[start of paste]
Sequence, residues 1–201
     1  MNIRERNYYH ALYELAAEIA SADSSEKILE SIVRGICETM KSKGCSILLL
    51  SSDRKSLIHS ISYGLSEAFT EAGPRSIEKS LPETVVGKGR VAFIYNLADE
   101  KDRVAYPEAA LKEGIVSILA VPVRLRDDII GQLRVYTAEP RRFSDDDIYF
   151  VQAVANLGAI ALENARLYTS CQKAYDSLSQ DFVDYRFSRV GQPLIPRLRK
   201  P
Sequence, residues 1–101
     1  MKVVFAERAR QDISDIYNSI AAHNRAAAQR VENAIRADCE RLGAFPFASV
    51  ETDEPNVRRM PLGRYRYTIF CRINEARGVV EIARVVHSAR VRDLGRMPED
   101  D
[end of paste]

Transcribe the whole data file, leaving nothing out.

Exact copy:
Sequence, residues 1–201
     1  MNIRERNYYH ALYELAAEIA SADSSEKILE SIVRGICETM KSKGCSILLL
    51  SSDRKSLIHS ISYGLSEAFT EAGPRSIEKS LPETVVGKGR VAFIYNLADE
   101  KDRVAYPEAA LKEGIVSILA VPVRLRDDII GQLRVYTAEP RRFSDDDIYF
   151  VQAVANLGAI ALENARLYTS CQKAYDSLSQ DFVDYRFSRV GQPLIPRLRK
   201  P
Sequence, residues 1–101
     1  MKVVFAERAR QDISDIYNSI AAHNRAAAQR VENAIRADCE RLGAFPFASV
    51  ETDEPNVRRM PLGRYRYTIF CRINEARGVV EIARVVHSAR VRDLGRMPED
   101  D